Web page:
Real "Super Tuesday"
Pundits and people alike figured the Democratic presidential primaries would be all over after last month's "Super Tuesday." But today we face another Tuesday that shapes up even more "super."
Like that earlier Wednesday, do not wake up tomorrow and anticipate the media to satisfy the national curiosity. Even a smashing sweep by Barack Obama does not guarantee Hillary Clinton will fold her campaign tents and "silently steal away."
The lady's husband, the former president, stated she had to win big tomorrow to keep her candidacy alive. That was merely his professional opinion and totally not binding on his wife. For Mrs. Clinton, this is a do-or-die year.
Holding a U.S. Senate seat scarcely counts; seemingly "everyone" knew moving into Congress's upper house was but a step closer to what she really wanted – a glorious return to 1600 Pennsylvania Avenue. This time on her own.
The image of Bill Clinton as the First Spouse offends both my logic and a sketchy knowledge of the man. As president he enjoyed the right to scatter his cigar ashes all over the President's Mansion, as the White House matchbook once proclaimed. Sitting on the Oval Office's "throne," his wife would have the power to order him to clean up the mess.
Hillary Clinton, if elected, might be willing and able to forget the way her husband mucked up loyalty that African Americans "owed" her candidacy. Their roles' reversal almost certainly guarantees the absence of domestic tranquility.
Her husband's opinion on when she should withdraw from the race easily could be flouted for the sake of personal independence. Viewing their eight years in the mansion, she would be entirely justified if she cut him no slack.
Barring another Obama secret uprising, as happened 11 times in a row, this Super Tuesday looks doomed to be a virtual draw.
Winning states is less important than corralling delegates; there are 370 Democratic convention openings up for grabs today. Texas (193) and Ohio (141) are more important, but Rhode Island (21) and Vermont (15) cannot be ignored, in a tight contest.
The official count from today’s vote could take days, even weeks. In addition to the traditional glitches, there's a new federal law that has already caused havoc in states like New Mexico and Arizona. The problem stems, chiefly, from registering Latino names that have totally different structure than Europeans'.
However much the latest round of voting mires her campaign, Senator Clinton has the capability of taking her sweet time. She could decide she was close enough to continue the struggle. In any event, she has already lost.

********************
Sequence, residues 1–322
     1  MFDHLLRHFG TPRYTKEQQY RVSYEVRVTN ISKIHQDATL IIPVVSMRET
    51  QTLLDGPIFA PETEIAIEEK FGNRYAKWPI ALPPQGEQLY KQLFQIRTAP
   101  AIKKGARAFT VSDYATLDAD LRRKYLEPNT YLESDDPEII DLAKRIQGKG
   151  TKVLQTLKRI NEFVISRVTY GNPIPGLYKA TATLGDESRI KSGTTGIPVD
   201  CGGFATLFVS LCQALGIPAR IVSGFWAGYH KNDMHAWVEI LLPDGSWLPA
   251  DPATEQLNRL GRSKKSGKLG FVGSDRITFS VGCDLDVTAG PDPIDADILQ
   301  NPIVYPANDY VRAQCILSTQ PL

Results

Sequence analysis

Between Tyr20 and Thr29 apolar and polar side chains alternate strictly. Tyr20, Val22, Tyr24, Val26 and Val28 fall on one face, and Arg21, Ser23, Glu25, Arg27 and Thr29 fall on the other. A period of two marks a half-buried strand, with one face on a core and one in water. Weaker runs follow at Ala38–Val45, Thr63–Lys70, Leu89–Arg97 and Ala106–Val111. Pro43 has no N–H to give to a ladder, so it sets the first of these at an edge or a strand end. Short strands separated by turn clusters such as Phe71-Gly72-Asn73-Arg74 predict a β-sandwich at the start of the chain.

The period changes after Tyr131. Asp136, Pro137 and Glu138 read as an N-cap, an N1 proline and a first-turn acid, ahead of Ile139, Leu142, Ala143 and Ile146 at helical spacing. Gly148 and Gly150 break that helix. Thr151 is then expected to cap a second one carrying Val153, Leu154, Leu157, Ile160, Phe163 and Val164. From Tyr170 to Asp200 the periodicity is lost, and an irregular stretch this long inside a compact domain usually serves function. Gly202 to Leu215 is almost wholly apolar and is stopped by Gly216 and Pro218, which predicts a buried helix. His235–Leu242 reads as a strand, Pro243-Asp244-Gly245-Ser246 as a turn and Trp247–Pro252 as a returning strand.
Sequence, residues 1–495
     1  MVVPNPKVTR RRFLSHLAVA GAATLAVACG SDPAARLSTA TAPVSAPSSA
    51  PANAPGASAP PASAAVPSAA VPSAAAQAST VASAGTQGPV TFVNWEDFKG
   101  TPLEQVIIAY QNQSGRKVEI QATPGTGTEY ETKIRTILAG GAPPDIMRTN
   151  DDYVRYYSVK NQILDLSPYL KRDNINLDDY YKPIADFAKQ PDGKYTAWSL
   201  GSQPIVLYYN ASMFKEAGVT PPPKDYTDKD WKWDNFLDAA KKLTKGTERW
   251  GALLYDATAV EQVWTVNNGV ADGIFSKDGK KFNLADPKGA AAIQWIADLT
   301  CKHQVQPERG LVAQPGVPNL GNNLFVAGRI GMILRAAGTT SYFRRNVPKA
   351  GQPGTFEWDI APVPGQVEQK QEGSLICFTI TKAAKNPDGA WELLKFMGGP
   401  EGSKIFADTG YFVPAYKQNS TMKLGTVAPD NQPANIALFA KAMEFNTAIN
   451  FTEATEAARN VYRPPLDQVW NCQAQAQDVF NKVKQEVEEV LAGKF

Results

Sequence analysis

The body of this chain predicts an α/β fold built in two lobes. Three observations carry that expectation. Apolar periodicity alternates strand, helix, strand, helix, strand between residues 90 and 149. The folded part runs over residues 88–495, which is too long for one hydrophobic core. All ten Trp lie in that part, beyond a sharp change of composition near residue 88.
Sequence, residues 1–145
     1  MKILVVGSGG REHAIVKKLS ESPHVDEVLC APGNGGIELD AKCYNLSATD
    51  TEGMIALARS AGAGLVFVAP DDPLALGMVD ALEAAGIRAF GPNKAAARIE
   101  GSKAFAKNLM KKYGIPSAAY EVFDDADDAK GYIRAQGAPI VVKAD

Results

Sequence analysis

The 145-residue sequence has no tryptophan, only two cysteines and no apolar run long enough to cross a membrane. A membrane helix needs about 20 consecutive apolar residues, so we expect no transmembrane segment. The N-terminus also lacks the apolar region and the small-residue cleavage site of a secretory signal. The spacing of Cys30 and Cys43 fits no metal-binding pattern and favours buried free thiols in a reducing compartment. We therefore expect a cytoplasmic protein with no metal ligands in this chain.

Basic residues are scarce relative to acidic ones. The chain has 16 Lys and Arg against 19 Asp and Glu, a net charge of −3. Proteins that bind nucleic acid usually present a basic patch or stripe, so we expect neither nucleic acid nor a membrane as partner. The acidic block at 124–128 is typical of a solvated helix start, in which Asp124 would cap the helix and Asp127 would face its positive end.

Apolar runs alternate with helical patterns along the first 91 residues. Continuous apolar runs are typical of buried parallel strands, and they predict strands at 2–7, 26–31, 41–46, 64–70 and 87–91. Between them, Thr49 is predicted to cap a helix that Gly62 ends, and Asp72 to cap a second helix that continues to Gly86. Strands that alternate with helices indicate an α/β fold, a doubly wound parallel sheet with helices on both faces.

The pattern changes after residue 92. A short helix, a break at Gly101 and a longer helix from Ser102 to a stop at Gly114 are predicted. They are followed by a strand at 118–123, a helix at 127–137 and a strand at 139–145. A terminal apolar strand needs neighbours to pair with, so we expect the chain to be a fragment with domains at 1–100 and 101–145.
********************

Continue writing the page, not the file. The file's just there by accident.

How different her political world even before Christmas when she had the great cool created by the certainty she would be the first of her gender in the Oval Office.
Not only a tenet of her faith, she boasted of the "fact" on talk shows and TV interviews. Her campaign's "high priest" was even stronger in announcing the inevitability of Mrs. Clinton's taking over her husband's old job.
Partially that attitude makes abandoning her dream difficult to the point of impossible. With lesser intelligence and more practicality, almost anyone else in her position certainly would have dropped out when opponent Obama's unbroken string of victories reached 10.
The fly in her logical soup probably lies with her abundance of super-delegates who were not elected by party members but appointed because of their positions.
As I wrote earlier, the added layer, which resembles the Electoral College, was created, in 1982, because party bosses were aghast at having Jimmy Carter in the White House. Indications are they thought it should be one of their own; at least of their choosing.
As Democratic "wise men and women" they firmly believed the party belonged to them. Her membership in that elite, through her husband, endowed Mrs. Clinton and her campaign with qualities totally inimical to democratic principles and practices. She has been charged with talking down to audiences, for years.
The senator from Illinois is politically a maverick who frightens the "wise" by threatening to go all the way. If next January 20 finds Mr. Obama gliding down Pennsylvania Avenue, he will "owe," in any sense, zilch to the party's presently anointed. And it could be too late for anything to be done.
Almost completely unknown last spring, Senator Obama has emerged as this generation's real-life Senator Deeds. In the movie, Jimmie Stewart triumphed over the corrupt establishment.
In some minds, the senator from Illinois appears another Jimmie Stewart. But he might not be. While no definitive answer can be expected tomorrow, there will be strong signs by the morning. Maybe more.
One way or the other, as a variety of pundits has pronounced, this presidential elections goes into the books. The big turnouts shape up as a record.
Barack Obama's promise to change Washington may be an even bigger story. We'll see.